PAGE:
View related articles View Crossmark data Citing articles: 4 View citing articles PAPER Partial or total replacement of soybean oil by black soldier fly larvae (Hermetia illucens L.) fat in broiler diets: effect on growth performances, feed-choice, blood traits, carcass characteristics and meat quality
BackgroundThe present study has evaluated the effects of different inclusion levels of a partially defatted black soldier fly (Hermetia illucens L.; HI) larva meal on the growth performance, blood parameters and gut morphology of broiler chickens. A total of 256 male broiler chickens (Ross 308) were reared from d 1 to d 35 and assigned to 4 dietary treatments (8 replicates/treatment and 8 birds/replicate). HI larva meal was included at increasing levels (0, 5%, 10% and 15%; HI0, HI5, HI10 and HI15, respectively) in isonitrogenous and isoenergetic diets formulated for 3 feeding phases: starter (1–10 d), growing (10–24 d) and finisher (24–35 d). Two birds per pen were slaughtered at d 35 and morphometric investigations and histopathological alterations were performed.ResultsThe live weight (LW) showed linear and quadratic responses to increasing HI larva meal (maximum for HI10 group). Average daily gain (ADG) showed a linear and quadratic responses to HI meal (maximum for HI10 group) during starter and growing periods. A linear decrease was observed for ADG during the finisher period. The daily feed intake (DFI) showed a linear and quadratic effect during the starter period (maximum for HI10 group). Linear and quadratic responses were observed for the feed conversion ratio (FCR) in the growing period and for the whole period of the experiment. The FCR showed a linear response in the finisher period (maximum for HI15). No significant effects were observed for the blood and serum parameters, except for the phosphorus concentration, which showed linear and quadratic responses as well as glutathione peroxidase (GPx) activity, the latter of which showed a linear response. The HI15 birds showed a lower villus height, a higher crypt depth and a lower villus height-to-crypt depth ratio than the other groups.ConclusionsIncreasing levels of dietary HI meal inclusion in male broiler chickens may improve the LW and DFI during the starter period, but may also negatively affect the FCR and gut morphology, thus suggesting that low levels may be more suitable. However, no significant effects on the haematochemical parameters or histological findings were observed in relation to HI meal utilization.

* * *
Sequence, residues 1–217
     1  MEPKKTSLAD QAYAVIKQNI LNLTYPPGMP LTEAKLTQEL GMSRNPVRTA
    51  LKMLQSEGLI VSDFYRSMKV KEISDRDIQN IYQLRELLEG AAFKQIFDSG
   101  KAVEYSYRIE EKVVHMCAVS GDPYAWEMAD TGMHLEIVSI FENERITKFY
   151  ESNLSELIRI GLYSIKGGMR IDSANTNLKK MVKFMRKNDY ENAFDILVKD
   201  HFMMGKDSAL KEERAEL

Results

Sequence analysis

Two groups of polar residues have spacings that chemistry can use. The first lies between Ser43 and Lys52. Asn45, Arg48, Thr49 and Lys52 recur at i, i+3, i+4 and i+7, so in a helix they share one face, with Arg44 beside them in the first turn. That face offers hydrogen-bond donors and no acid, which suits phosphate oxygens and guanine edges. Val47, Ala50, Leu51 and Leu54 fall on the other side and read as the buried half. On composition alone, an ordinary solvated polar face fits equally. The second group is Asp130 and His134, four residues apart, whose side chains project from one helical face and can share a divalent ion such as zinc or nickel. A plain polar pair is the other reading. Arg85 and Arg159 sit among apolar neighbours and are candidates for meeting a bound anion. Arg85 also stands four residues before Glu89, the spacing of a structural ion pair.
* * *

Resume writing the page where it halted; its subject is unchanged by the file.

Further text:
In 2018, the industrial compound feed production throughout the world was 1.103 metric billion tons, which was an increase of 3% compared to 2017. In order to meet the needs of the increasing population, a further increment in compound feed production is necessary. Conventional protein sources are no longer suitable to completely satisfy the increment of feed production in a sustainable way. Insects are one of the most promising options, due to their valuable nutritional features. This paper reviews the state-of-the-art of research on the use of insect meals and oils in aquatic, avian and other animal species diets, focusing mainly on the effects on digestibility, performance and product quality. In general, insect-derived product digestibility is affected by the insect species, the inclusion levels and by the process. Sometimes, the presence of chitin can lead to a decrease in nutrient digestibility. The same considerations are true for animal performance. As far as product quality is concerned, a dramatic effect of insect products has been recorded for the fatty acid profile, with a decrease in valuable n3 fatty acids. Sensory analyses have reported no or slight differences. Insect-derived products seem to be a good alternative to conventional feed sources and can make an important contribution to the sustainable development of the livestock industry.